Get the latest updates as we post them — right on your browser

. Last Updated: 07/27/2016

Israel Kills 28 as Raids on Refugees Stepped Up

JEBALIYA REFUGEE CAMP, Gaza Strip -- Israel on Tuesday intensified its offensive against Palestinian militants -- the largest military operation in 20 years -- and killed 28 Palestinians in raids of sprawling refugee camps, the West Bank's commercial center and other targets.

In apparent retaliation, seven Israeli motorists were killed in shooting attacks -- seven in northern Israel, near the border with Lebanon, and one in the West Bank. In the attack near Lebanon, Israeli troops killed two gunmen and exchanged fire with a third for more than an hour. It was not immediately clear whether the gunmen were Palestinians or Lebanese guerrillas.

Israel launched its military operation against Palestinian militants last week, in response to a series of deadly attacks on Israeli civilians. Israeli security sources said Tuesday that most combat soldiers in Israel's standing army and some reserve troops -- a force of many thousands -- were deployed in the West Bank and Gaza Strip in the largest-scale operation since Israel's 1982 invasion of Lebanon. In the West Bank town of Ramallah alone, dozens of tanks were patrolling the streets.

Deputy Defense Minister Dalia Rabin-Pelossof, a moderate, said she expected the strikes to be halted by the time U.S. envoy Anthony Zinni arrives in the region Thursday. Two previous truce missions by Zinni were scuttled by violence.

As the fighting raged, two Israeli Cabinet ministers from the ultra-nationalist National Union party submitted their resignations, saying they felt Prime Minister Ariel Sharon's actions against the Palestinian Authority were not tough enough. Sharon retains a solid parliamentary majority -- 75 out of 120 seats -- despite the protest.

On Monday evening, about 50,000 Israelis demonstrated in Tel Aviv, calling for stiffer action against the Palestinians. "Defeat Arafat, Destroy Terror," banners read.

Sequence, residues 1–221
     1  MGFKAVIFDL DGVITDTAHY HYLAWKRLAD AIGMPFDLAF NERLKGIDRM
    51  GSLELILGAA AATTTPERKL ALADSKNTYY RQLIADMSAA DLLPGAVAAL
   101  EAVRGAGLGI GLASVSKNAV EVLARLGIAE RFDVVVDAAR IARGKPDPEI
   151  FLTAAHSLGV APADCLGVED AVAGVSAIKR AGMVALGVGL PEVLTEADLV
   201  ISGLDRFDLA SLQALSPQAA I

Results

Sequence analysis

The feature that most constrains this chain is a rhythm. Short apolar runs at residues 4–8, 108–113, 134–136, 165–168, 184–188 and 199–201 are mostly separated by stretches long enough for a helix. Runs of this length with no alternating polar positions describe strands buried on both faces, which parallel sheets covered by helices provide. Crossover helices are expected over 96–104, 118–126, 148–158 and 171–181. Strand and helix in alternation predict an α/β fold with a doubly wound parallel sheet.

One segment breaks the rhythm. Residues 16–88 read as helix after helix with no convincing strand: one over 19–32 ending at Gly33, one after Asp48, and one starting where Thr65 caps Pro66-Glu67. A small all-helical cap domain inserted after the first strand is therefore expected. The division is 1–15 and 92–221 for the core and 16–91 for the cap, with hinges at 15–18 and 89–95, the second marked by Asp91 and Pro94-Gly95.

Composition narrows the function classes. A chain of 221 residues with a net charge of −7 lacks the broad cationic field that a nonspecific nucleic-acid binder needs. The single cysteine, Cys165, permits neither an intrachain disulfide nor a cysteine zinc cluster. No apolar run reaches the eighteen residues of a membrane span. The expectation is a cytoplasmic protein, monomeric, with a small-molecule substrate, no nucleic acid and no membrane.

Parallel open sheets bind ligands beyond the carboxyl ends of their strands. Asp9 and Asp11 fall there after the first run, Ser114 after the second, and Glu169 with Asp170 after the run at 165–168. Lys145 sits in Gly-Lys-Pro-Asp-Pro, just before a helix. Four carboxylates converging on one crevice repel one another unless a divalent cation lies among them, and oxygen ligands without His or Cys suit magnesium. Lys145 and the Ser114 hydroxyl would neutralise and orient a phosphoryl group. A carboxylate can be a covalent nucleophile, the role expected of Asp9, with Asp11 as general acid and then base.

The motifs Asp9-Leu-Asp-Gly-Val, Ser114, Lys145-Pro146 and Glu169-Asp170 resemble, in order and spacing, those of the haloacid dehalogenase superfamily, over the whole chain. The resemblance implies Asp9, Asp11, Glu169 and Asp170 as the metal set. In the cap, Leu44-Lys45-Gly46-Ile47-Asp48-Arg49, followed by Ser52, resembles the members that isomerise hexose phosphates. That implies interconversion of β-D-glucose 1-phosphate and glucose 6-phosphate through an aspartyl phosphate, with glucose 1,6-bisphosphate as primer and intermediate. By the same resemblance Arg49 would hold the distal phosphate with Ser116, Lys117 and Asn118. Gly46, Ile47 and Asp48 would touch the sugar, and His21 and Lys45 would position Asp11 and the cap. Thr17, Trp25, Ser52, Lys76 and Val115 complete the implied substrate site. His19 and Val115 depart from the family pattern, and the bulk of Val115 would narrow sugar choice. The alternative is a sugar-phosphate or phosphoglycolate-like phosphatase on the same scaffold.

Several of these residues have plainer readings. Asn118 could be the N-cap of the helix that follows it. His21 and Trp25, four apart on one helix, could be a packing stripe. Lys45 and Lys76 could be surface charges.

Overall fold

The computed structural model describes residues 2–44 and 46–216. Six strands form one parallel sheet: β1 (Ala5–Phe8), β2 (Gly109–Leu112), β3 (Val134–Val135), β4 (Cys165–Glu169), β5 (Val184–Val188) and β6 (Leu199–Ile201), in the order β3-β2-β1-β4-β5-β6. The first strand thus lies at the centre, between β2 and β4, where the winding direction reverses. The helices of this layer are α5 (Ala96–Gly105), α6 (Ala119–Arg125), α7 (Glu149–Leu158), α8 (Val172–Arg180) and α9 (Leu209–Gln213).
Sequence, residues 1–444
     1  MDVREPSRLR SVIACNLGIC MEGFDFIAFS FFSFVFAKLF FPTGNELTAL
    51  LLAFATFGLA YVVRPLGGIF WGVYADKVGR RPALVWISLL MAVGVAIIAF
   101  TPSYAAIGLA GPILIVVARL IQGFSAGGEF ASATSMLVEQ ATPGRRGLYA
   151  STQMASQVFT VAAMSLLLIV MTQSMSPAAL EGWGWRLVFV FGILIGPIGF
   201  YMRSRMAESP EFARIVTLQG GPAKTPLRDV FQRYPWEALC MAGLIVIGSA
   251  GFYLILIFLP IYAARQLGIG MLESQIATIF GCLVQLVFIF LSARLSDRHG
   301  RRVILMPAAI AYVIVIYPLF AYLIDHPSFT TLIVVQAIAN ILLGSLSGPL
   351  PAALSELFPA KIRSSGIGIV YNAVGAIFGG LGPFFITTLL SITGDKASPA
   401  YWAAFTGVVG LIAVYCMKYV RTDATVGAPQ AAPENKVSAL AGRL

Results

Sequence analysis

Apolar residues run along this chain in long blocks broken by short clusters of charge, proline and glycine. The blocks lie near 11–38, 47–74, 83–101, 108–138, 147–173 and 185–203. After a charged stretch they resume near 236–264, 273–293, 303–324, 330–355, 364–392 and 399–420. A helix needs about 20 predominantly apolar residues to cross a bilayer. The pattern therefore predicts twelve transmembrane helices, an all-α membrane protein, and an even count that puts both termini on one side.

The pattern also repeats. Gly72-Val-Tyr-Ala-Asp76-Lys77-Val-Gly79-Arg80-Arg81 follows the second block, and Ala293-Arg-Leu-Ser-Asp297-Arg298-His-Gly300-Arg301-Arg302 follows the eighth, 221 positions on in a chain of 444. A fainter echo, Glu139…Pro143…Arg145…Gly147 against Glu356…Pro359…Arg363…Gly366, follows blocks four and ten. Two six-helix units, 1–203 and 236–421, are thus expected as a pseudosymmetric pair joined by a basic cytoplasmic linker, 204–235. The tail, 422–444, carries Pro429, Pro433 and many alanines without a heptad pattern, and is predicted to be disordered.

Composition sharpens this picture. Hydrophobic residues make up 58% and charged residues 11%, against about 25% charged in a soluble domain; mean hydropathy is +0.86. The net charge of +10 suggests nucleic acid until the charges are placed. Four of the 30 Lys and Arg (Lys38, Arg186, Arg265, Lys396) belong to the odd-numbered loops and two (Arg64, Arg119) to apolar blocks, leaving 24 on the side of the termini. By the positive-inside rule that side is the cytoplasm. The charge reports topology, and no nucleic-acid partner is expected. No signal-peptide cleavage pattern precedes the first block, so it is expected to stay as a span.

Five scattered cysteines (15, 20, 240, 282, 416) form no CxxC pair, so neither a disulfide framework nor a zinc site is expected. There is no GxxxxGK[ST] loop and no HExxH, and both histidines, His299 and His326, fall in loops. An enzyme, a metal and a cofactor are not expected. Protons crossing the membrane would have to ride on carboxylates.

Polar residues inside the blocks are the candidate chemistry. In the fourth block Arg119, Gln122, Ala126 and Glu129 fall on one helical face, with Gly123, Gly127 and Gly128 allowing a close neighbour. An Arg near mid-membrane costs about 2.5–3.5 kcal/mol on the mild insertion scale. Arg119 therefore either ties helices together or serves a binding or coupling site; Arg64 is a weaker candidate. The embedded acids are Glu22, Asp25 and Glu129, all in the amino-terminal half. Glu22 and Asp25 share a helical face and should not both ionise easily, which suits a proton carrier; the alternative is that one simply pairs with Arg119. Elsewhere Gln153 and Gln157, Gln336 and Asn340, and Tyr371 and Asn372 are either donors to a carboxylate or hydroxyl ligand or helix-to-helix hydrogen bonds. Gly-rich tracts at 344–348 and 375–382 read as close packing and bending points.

In Tuesday's fighting, the Jebaliya refugee camp -- the largest with 100,000 residents and a stronghold of the Islamic militant group Hamas -- came under heavy Israeli fire from tanks and helicopter gunships during a three-hour incursion. The camp was plunged into darkness when Israeli fire struck a transformer.

Hundreds of Palestinian gunmen exchanged fire with Israeli forces, and at least 18 Palestinians were killed and 75 wounded by Israeli fire, doctors said. Many civilians, some in their pajamas, fled the fighting, moving toward nearby Gaza City on foot and in donkey carts. "They are killing us," said Laila Ayoub, 38, carrying a baby girl in her arms. "They used helicopters to fire on us while we were leaving."

Israeli government spokesman Dore Gold said Israel was showing restraint and "not using the full strength of its air force against the refugee camps."

Israeli tanks also took control of the West Bank town Ramallah and the adjacent Amari refugee camp, where fierce gunbattles were reported. Five Palestinians, including two policemen, two unarmed guards at the parliament building and a taxi driver, were killed by Israeli fire, doctors said.

Several tanks were deployed outside the headquarters of Palestinian President Yasser Arafat. The takeover came only a day after Sharon announced that Arafat, who had been confined to Ramallah for the past three months by Israel, was free to move in the West Bank and Gaza Strip.

In an angry response, a senior Arafat adviser, Ahmed Abdel Rahman, said Tuesday that "talking peace with the Israelis was a historic mistake."

Israeli troops announced over loudspeakers that boys and men between the ages of 16 and 40 must come out of their homes and surrender to Israeli forces in Ramallah. Local television stations urged the men not to comply.

Over the weekend, Israeli forces up rounded up nearly 2,000 Palestinians in arrests sweeps in three other West Bank locations, in hopes of tracking down suspected militants. In the Tulkarem refugee camp, troops wrote numbers on the foreheads and forearms of several detainees for identification.

Arafat equated the action with the treatment of Jews in Nazi concentration camps during World War II, when numbers were tattooed on the arms of prisoners as a means of identification. "Did you see them put [numbers] on people they've arrested in the Tulkarem refugee camp?" Arafat said Monday on Abu Dhabi Television. "Isn't this the sort of thing they used to say the Nazis did against the Jews? So what do they say about these things? Isn't this a new Nazi racism?"

Israeli Foreign Minister Shimon Peres said Tuesday that "we have to be careful not to humiliate [people], not to treat human beings with contempt."

Since the beginning of March, 159 Palestinians and 58 Israelis have been killed, making it the bloodiest period since fighting broke out in September 2000.

Israel's incursion into Jebaliya ended before dawn Tuesday. The Israeli military said it was aimed at finding rockets, destroying weapons factories and arresting suspected terrorists.

A Hamas leader, Abdel Aziz Rantisi, threatened bloody revenge. "We have no choice but to kill the occupier, to kill him everywhere, every village and every city. There's no other way to defend ourselves," he said.